Every parent knows the instance when you’ve done ALL the things — tucked your kids in, sang the song (thrice), prayed the prayer, got the water, had them pee, and still. STILL. As you leave their rooms, you hear, “Hey Mommy, what’s the meaning of life?” Yes, we’ve all been there. Staring into the wide-awake eyes of your little one, wanting to connect with you just a little bit longer.
Bedtime can be a sweet time to connect with your kids and pour truthful words into them that they ruminate on as they fall asleep. Because your voice becomes your child’s inner voice, telling them how you see them and feel about them in detail is an incredible way to nurture a peace-filled environment, one where your child feels safe to be themselves.
Spend less time trying to control bedtime and more time listening
But bedtime can also be an incredible time to just lay with them and LISTEN. Try saying nothing at all. See what they come up with. What questions do they ask? I do this with my 4-year-old, and he will share just about every little detail about his day, down to how many turds he pooed out.
I once heard that parents shouldn’t make a big deal about bedtime for fear that their kids will milk it for all it’s worth down the road. And while they might do that at times, there is a reason they do it. Because your child feels connected to you in those pre-bedtime moments, they want it to last forever. It’s not necessarily because they want to stay up later. And while giving bedtime routines a little more attention might cause some frustrating parenting moments in the future, it shouldn’t cause us to avoid them altogether.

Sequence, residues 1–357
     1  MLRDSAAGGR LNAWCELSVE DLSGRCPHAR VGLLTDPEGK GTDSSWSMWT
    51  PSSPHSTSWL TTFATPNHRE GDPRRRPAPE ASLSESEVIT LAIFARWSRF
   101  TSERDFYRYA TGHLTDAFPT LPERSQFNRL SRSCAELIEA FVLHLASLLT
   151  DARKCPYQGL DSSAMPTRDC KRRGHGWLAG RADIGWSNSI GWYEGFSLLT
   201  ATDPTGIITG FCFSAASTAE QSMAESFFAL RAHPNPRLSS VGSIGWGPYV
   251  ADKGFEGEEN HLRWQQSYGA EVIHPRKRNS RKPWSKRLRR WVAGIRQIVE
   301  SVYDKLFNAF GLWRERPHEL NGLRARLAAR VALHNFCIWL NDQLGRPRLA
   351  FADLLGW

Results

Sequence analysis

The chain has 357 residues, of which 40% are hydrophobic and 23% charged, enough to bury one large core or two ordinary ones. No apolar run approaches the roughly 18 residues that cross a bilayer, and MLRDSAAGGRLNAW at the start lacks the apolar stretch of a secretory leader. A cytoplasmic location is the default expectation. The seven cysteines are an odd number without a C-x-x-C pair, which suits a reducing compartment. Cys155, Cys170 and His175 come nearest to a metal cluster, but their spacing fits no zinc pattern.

These moments can also create opportunities to teach your child self-regulation and impulse control. By allowing some nights to be extra special and others to be a quick, “let’s get to bed because it’s late,” you present to them situations where they don’t always get what they want, and that’s okay.
Parents, we can’t avoid certain battles with our kids. They will arise. One of the biggest lies of our culture is making us think that parenting should be easy, our kids always obedient, and our bedtimes always smooth. But that’s not reality. And waking up to the fact that things won’t always go OUR way sooner than later will help us regulate our own emotions and expectations.
Check out more on how to help your child fall asleep peacefully.
Bedtime gratitude check
Bedtime can also be a great way to help your child see the good in their life, which instills gratitude. As a Christian, bedtime is also a time for us to reflect on God’s goodness; to thank Him for the many blessings we have. Incorporating that into bedtime is a great way to encourage your kids in their own faith journey.
Here are some phrases that will leave your child feeling confident in your and God’s love for them and in who God has created them to be. But also make sure to create space for them to just talk about whatever is on their minds, no questions for prompting. You might be surprised how they fill the silence.